If it is of interest to any researchers I have a copy of the newpaper report from The Morning Chronicle (London, England), Friday, February 15, 1861 of the charge of attempted poisoning of Sedwell Jane OATES d/o Nicholas OATES.
The accused is Mary Oates, wife of Nicholas and step mother of Sedwell Jane. One witness is named, Elizabeth Noall CURNOW. Mary was committed to appear at the Assizes.
I also have a copy of the report of trial at the Assizes from The Morning Chronicle (London, England), Thursday, March 21, 1861
If anyone would like a copy of these reports, please PM me with your email address and I will be happy to forward them to you. The articles (copy of the newspaper page) will be in the form of a PDF doc.
From the above I believe Sedwell was born 9 Aug 1845 and died 11 Nov 1904 in Lead, Dakota, USA. According to the 1851 Census she was 5, living with Nicholas and her family. This record also shows a daughter of Mary, Margaret J. WARMINGTON aged 15. Her Mother was Margaret RAPSON. Nicholas born 1802 was the son of Nicholas and Bridget THOMAS.
Nicholas married Mary WARMINGTON about 1850. The 1851 Census record shows her born about 1805 in St Just. Not sure if WARMINGTON was her maiden name or if she was a widow.
The case had a couple of complications - the judge stopped the case and Mary Oates/Oats had the two indictments against her discharged. HeatherC
A brief outline of the case -
Sedwell Jane and Mary argued a lot and a few days before the alleged attempted poisoning they had rowed and come to blows. Sedwell's father and brother stepped in and parted them and Mary said "You old devil, I cant abide thee; I will poison three before the week is out".
Nicholas was in the habit of returning home for his lunch from the mine and taking back with him the pasty that Mary would make for Sedwell Jane, but usually the pasty was already made, and was on the shelf in the morning so the pasty was always cold. On the day all this happened, the pasty was not there, and Nicholas brought Sedwell Jane a warm pasty from home for lunch...... so this was not usual, and the only witness that Mary handed that pasty to her husband to give to Sedwell Jane was Nicholas himself.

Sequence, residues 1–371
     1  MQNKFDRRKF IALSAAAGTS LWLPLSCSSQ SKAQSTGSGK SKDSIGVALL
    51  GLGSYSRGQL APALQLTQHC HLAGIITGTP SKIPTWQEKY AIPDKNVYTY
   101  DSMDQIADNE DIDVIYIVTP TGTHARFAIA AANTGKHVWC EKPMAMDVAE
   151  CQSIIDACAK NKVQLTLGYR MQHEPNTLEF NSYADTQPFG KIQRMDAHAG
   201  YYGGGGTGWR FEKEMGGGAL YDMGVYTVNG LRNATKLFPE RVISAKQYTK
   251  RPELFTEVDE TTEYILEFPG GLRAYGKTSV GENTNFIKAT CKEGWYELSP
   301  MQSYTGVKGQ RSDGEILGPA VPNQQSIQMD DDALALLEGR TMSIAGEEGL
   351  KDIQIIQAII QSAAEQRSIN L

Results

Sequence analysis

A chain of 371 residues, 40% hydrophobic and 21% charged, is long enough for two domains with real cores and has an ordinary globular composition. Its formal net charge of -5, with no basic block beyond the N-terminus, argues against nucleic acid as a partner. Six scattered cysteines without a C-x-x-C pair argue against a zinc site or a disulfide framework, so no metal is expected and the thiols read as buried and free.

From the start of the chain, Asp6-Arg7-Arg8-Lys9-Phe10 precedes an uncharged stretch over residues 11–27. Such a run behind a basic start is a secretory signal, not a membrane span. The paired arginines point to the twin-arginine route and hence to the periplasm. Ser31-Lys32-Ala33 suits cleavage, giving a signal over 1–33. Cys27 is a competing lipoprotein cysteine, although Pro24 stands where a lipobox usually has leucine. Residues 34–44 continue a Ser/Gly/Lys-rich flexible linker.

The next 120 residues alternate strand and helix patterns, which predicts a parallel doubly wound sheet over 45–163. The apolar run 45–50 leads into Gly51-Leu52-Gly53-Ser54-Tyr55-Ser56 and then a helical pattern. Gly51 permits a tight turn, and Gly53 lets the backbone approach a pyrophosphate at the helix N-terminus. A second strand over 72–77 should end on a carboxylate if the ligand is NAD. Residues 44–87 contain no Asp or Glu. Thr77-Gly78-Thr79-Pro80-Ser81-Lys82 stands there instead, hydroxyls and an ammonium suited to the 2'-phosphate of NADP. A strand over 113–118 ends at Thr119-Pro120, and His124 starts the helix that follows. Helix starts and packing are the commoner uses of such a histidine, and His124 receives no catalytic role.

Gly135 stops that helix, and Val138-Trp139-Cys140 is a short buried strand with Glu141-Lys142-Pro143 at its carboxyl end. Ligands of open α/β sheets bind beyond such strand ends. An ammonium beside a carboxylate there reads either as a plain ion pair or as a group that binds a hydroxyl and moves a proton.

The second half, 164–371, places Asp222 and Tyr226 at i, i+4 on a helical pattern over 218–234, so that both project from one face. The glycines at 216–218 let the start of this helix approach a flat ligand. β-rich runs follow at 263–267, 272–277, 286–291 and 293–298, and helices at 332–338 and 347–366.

The complications arose because under law then (and until not too long ago) husband and wife could not give evidence against each other......... the judge after some while had to stop the case because the only person that could say that Mary had handed the poisoned pasty to Nicholas to give to Sedwell Jane was Nicholas....
As the judge said,
"Gentlemen of the jury, there is an insuperable difficulty in this case. Don't think I am prejudging it; but suppose the prisoner is guilty, the party who alone can prove the receiving of the pasty is the husband of the prisoner, who by law has his mouth closed. This is a difficulty which is incurable, and as there is no chance of proving the case, you must find her not guilty."
OH MY GOODNESS !!!! My G-Grandmother was a Mary Oats....but thank goodness that was her maiden name...she married a Mitchell. Of interest, several families moved to Lead S. Dakota including some of my lot...Furze...A great deal of interesting info about this emigration can be gathered from AC Dodd's book "The Cornish Miner in America". It's full of useful personal information. Memory tells me that he tells of an Angwin who had a beautiful voice singing opera in was it Deadwood?
So Mary fed Sedwell a poisoned pasty....might have eaten one from the same batch, or something which masqueraded as a pasty in our local greasy spoon cafe.
Last Edit: Dec 20, 2008 16:09:33 GMT -5 by tonymitch